The Friends of the Park lawsuit describes the area where the museum would be sited as "a natural resource and pristine physical environment," but in fact it tends to be used as an overflow parking area for both Soldier's Field and McCormick Place, a popular convention center in the city's south side. Cassandra J. Francis, president of Friends of the Park, noted that although the proposed site "produces significant revenue as a Chicago Park District and Bears parking lot, its future reversion to parkland is possible. Once a building is in place, it is forever precluded from being public open space."

To George Lucas, a billionaire several times over, this must all seem like deja-vu. Back in 2010, he had proposed his Museum of Narrative Art, which he would fully pay for and endow, for an area of open land near the Golden Gate Bridge in San Francisco. However, a nonprofit group, the Golden Gate Parks National Conservancy, objected to the siting of a museum promoting the filmmaker's personal tastes in art in an area intended "for the enjoyment, education, and inspiration of this and future generations." Other potential sites for the Lucas museum were mentioned, but none of the suggestions were treated seriously by the filmmaker. After four years of letters, meetings and emails, Lucas decided to abandon his plans for San Francisco and made a proposal to the City of Chicago, where his wife, Mellody Hobson, whom he married in 2013, works as senior vice-president and director of marketing for Ariel Investments.

Lucas quickly won the support for his museum of Mayor Rahm Emanuel and the Chicago Park District, the city agency in charge of the parks. "Through a smart process with ample opportunities for public input, the Lucas Museum of Narrative Art will be a landmark in our City where people will gather to be inspired by the Museum's collection and the natural beauty just outside its doors," Park District Superintendent Mike Kelly claimed. Within a few months, the Governor's office was brought on board. On May 1st, Illinois Governor Bruce Rauner signed into law a bill that would enable the construction of the Barack Obama Presidential Library and the Lucas Museum of Narrative Art, both of which are slated to be built on park land. According to a statement from the Governor's office, Rauner "believes the Lucas museum will be a big benefit to the state of Illinois and the city of Chicago."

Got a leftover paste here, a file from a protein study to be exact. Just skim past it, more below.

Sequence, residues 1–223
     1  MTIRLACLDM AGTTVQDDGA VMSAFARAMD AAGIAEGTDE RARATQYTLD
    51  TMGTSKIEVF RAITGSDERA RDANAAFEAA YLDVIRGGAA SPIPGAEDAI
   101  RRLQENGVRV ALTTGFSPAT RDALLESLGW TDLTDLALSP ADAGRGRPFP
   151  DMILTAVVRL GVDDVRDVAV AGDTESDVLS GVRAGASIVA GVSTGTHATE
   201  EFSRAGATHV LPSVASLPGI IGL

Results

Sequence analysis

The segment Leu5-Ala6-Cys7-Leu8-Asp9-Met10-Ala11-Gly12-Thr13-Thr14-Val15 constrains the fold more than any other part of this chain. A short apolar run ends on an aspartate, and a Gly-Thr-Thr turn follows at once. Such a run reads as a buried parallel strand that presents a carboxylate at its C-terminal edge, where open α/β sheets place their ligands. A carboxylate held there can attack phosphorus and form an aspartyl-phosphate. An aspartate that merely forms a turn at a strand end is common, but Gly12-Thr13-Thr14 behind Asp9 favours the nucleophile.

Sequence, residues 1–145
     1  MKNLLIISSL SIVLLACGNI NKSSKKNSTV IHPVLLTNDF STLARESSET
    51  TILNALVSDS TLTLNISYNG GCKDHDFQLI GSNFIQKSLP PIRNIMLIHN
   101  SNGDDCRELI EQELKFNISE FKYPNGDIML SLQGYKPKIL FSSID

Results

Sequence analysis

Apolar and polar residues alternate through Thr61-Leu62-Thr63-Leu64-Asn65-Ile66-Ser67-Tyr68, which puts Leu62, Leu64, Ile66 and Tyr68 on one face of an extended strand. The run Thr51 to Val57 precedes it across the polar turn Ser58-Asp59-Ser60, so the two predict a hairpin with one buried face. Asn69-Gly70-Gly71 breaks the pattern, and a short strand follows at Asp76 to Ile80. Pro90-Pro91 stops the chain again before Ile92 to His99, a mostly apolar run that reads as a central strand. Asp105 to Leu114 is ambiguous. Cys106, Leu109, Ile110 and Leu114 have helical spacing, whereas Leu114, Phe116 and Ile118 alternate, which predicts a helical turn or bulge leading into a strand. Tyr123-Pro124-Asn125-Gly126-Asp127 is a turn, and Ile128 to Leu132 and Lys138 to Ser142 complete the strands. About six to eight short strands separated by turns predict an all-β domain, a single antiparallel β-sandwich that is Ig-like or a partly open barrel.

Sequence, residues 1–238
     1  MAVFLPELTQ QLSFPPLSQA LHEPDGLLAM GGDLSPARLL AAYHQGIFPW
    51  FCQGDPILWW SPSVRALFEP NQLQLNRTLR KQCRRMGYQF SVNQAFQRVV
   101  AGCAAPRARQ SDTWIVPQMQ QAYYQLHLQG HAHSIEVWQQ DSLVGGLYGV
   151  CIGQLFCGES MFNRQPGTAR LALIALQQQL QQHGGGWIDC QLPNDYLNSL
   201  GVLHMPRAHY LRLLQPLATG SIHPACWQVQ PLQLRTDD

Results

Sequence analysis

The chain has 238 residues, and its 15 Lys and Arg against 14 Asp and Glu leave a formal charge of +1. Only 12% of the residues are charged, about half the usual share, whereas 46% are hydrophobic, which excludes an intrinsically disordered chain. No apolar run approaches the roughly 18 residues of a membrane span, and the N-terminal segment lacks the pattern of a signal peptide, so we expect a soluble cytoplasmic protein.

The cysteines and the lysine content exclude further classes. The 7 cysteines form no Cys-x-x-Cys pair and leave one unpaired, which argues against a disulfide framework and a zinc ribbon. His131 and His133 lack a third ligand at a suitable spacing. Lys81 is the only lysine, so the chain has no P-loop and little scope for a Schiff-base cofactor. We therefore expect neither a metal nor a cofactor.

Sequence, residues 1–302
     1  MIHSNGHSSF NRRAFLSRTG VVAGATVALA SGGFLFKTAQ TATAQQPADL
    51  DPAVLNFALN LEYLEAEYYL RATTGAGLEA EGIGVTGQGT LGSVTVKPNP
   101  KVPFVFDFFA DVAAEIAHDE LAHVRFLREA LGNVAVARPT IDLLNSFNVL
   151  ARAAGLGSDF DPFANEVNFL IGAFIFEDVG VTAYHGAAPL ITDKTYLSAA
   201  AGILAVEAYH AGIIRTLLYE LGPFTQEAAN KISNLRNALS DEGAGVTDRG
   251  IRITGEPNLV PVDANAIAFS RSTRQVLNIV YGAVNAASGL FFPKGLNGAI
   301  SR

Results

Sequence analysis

Still, the Friends of the Park lawsuit, which was filed last November, is proceeding, despite efforts in court by both the Park District and the Mayor's office to have it dismissed. In March, U.S. District Judge John Darrah ruled that Friends of the Parks "plausibly states a claim that the agreement violates the public trust doctrine." Friends of the Park has recommended an alternative site for the Lucas Museum, a half-mile south "on the west side of Lake Shore Drive on the former Michael Reese Hospital site," Francis stated. "The Reese site would allow the Museum Campus to be expanded to the south and bring needed economic development benefits to the Bronzeville Community."

As yet, George Lucas has not expressed interest in placing his museum elsewhere in the city, and the filmmaker was quoted in the Los Angeles Times as considering bringing his museum to Los Angeles if the legal situation in Chicago is not worked out to his liking. "The advantage Los Angeles has is that it's on the USC campus and I don't have to go through all the rigmarole of years and years of trying to get past everything," Lucas said in the Times article. "That's an advantage because I do want to get it done in my lifetime."